Bret Bortner Design History
While working as a model-maker at Haeger Potteries in the mid seventies, Bob O'Niel of O'Niel Design, Ltd. asked me to work with him designing a variety of items for Nelson McCoy Pottery of Ohio. Over the next few years, we created a number of successful items and collections for Nelson McCoy.
Working with Bob O'Niel, a true mentor, gave me the confidence to pursue my own design / manufacturing career. In 1982, I began my pottery business in my garage in Dundee, Illinois. It was established when the buyer at Crate & Barrel ordered 288 of my Terra Cotta Candle Lamps. Over the next eight months we sold over 7,000 candle lamps.
With the help of two home-workers, we met the demand and in early 1983 I moved the pottery from my garage to factory space in Elgin, Illinois. Over the next twenty years, with the invaluable help of many wonderful employees, I designed and produced a variety of lines beginning with my first collection: Terra Cotta. The items were for use as cookware and serveware and, over 20 years, the line evolved into the 22 pieces you see here.
In the late 1980's I became increasingly fascinated with the pottery of the Arts & Crafts Movement of a hundred years earlier. After researching the Movement, I designed a collection of seven Vases each of which pays tribute to one of the seven Art Potteries I believe to be the most important of the era. The creation of this special line required the development of a palette of matte glazes true to the colors of the Movement. In addition, I wrote a short history (included with each vase) of the Movement and the seven potteries. The line was introduced in 1991.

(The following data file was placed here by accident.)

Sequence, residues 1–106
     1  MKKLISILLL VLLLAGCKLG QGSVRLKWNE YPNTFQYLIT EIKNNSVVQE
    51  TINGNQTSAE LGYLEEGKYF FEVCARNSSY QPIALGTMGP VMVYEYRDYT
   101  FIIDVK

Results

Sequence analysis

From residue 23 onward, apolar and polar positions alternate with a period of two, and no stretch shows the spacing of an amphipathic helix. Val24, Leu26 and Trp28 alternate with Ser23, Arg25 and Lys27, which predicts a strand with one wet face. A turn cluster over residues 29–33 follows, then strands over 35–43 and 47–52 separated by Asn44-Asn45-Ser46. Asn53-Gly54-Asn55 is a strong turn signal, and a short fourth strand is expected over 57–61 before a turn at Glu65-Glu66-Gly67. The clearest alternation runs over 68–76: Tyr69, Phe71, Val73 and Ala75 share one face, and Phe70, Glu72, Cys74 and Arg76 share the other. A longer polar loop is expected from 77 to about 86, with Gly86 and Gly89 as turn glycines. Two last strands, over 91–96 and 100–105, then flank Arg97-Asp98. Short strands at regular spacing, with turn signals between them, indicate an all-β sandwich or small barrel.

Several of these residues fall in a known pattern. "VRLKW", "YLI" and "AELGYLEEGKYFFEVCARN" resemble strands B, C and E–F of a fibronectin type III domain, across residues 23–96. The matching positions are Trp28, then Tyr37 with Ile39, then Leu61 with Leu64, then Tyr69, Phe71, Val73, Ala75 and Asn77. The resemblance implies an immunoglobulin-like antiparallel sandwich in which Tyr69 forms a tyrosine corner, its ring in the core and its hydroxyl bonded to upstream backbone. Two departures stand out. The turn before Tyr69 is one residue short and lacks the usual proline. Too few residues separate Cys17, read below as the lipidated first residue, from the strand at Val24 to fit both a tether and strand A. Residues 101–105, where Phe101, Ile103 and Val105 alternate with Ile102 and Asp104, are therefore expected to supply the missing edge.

I had, for many years, admired good Asian design. In 1992, while taking a class in Raku (a technique and style of pottery developed in Japan hundreds of years ago), I learned of the two Zen aesthetics of Wabi and Sabi. The two aesthetics defined for me a beauty that I had always responded to but had never before been able to put into words. I knew that at some point in time I would incorporate the theme of the two aesthetics into a collection of pottery. That collection came together in 1996 with the design and introduction of my Wabi-Sabi stoneware.
The last collection I produced (introduced in 1999) was Shibui. Shibui is an aesthetic that describes things that are balanced, understated, not flashy or flamboyant, and yet not somber or dull. The collection consisted of a variety of items, both functional and decorative, in a satin matte black glaze. The glaze accentuated what I have always worked to achieve in my designs: reducing each piece to its essence (the cleanest lines, the simplest form, in balance with its function).
By the year 2000, it became increasingly clear that I could no longer compete with off-shore imports, and at the end of 2001, I closed my production facility in Elgin, Illinois and began designing for B.I.A. Cordon Bleu of San Francisco.